Madelaine returned to school, and had the happiness of taking her brother with her there. Some years after, Raphael devoted his recovered sight to painting, for which he showed great talent. When he had arrived at a great degree of perfection in this beautiful art, he painted a picture of Christ Restoring the Blind to Sight. Large sums were offered him for this chef-d’oeuvre, but he rejected them all, and sent the picture to Dr. Wundel, who showed his beautiful present to the Prince Royal. Raphael’s gratitude pleased the Prince even more than the picture; he immediately named him his painter, and allowed him a considerable salary, which Raphael had the inexpressible happiness of sharing with his beloved mothers and no less beloved and fondly cherished Madelaine.
BOY AND THE BOOK
The Little Printer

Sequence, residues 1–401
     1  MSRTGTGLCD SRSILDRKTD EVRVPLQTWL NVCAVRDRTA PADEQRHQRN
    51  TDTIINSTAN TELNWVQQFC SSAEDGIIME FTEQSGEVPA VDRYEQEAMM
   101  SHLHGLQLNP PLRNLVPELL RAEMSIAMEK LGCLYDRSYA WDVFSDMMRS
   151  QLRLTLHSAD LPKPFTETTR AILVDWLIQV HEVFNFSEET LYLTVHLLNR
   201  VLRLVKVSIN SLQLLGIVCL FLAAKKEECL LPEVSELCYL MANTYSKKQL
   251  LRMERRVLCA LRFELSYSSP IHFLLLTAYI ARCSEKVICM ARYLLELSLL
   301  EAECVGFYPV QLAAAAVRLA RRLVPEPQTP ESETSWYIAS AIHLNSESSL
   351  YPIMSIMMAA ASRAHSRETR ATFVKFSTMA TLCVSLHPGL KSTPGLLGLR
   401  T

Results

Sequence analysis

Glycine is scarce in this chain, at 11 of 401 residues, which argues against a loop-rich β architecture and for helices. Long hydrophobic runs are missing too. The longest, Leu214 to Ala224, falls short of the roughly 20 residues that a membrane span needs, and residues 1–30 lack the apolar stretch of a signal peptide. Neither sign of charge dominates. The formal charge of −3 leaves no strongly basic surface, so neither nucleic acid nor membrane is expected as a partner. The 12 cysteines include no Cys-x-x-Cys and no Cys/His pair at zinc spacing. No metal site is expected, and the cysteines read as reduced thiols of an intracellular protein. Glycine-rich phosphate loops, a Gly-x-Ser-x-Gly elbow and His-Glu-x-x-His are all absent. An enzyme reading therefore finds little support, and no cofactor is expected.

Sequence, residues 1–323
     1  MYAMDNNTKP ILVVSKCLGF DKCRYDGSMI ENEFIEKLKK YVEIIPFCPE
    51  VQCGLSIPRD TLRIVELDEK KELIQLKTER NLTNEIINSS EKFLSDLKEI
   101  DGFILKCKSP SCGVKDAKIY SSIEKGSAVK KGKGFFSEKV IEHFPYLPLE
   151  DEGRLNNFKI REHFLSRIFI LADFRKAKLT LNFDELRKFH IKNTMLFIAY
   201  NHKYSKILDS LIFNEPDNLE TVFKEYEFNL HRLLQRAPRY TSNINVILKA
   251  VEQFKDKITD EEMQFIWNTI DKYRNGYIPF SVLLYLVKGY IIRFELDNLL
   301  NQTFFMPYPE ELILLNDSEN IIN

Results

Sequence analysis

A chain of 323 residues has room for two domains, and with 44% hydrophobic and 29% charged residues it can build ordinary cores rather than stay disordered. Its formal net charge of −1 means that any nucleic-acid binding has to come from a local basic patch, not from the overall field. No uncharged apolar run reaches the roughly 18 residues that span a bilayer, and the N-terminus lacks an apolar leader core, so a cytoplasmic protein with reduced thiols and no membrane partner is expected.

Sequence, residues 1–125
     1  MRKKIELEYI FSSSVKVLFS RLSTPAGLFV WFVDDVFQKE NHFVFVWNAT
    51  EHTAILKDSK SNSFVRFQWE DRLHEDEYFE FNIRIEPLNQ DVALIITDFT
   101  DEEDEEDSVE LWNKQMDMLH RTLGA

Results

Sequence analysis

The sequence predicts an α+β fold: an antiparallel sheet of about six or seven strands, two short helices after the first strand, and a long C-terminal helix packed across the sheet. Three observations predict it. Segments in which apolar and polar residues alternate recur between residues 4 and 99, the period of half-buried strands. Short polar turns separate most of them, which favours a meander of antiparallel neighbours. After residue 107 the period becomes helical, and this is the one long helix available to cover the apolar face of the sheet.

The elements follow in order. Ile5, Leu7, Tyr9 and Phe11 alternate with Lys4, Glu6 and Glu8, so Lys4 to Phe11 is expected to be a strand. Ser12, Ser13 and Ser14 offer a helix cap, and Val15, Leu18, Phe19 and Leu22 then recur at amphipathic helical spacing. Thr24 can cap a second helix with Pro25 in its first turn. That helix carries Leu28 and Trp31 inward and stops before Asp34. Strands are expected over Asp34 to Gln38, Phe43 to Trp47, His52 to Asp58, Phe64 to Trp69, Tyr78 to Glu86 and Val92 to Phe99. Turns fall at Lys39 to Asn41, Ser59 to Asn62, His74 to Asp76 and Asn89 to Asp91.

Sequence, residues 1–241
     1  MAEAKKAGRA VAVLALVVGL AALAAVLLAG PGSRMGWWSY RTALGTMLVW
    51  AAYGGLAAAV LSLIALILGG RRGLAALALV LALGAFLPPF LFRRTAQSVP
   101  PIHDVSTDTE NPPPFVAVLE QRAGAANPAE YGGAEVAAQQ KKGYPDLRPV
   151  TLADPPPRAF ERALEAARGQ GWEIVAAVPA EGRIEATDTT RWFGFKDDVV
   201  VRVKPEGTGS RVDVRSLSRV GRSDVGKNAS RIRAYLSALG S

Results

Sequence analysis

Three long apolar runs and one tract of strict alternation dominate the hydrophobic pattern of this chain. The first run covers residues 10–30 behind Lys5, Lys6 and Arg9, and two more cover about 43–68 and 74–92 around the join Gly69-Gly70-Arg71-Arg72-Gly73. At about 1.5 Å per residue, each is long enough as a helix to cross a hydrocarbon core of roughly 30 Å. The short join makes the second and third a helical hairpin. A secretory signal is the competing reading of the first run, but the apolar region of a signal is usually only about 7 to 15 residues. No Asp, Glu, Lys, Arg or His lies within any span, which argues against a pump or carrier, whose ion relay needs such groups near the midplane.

Can English boys and girls living now in the nineteenth century, carry their minds back so far in time as to the period when our Henry the Fourth was reigning in England, and can they travel in thought so far distant as to the country called Germany, and picture to themselves the life of a little boy at that time and in that country? If so, we will tell them something of the life of Hans Gensfleisch, the only son of a poor widow, who lived about the beginning of the fifteenth century, not far from Mainz, or Mayence, a city built on the banks of the river Rhine, about half-way between its source and the sea. The father of Hans had been a dyer, and had at one time carried on rather a thriving business in Mainz; but after his death Frau Gensfleisch had gone with her son to live at a little village called Steinheim, about three miles from the city walls, where, on a few acres of land, bought with her husband’s savings, and laid out partly as garden, and partly as field and vineyard, she contrived to live with this, her only child. Hans and his mother cultivated the little garden, sowed their own crops of barley and flax in their little fields, and tended and trained the vines in their small vineyard. Strong and active, and fond of employment, the life of the little Hans was one long course of busy industry, from the sowing of seeds in Spring to the gathering in of their small vintage late in the Autumn. And in the long winter nights, there was always too much to do within the cottage walls, by the light of their pine wood fire, for him ever to find the time hang heavy on his hands. One night he would be busy helping his mother to comb and hackle her little store of flax; on another he would mend the net, with which he at times contrived to catch his mother a river fish or two for supper; and it would be play to him when nothing else was wanting his help, to go on with the making of a cross-bow and arrows with which he intended some day to bring down many a wild duck or wood-pigeon.